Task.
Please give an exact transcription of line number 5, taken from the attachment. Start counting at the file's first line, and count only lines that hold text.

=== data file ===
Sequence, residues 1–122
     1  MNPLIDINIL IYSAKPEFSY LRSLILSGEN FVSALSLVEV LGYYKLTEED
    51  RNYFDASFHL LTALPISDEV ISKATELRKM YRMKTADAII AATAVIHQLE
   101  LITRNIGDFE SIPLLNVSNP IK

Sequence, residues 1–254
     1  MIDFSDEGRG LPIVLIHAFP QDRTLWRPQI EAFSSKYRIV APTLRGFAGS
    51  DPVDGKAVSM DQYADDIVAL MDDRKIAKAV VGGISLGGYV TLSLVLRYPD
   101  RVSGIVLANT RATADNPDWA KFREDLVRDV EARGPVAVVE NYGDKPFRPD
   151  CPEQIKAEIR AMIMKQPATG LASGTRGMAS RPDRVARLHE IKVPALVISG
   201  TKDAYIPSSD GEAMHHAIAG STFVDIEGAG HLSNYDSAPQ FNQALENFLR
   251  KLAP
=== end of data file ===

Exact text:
Sequence, residues 1–254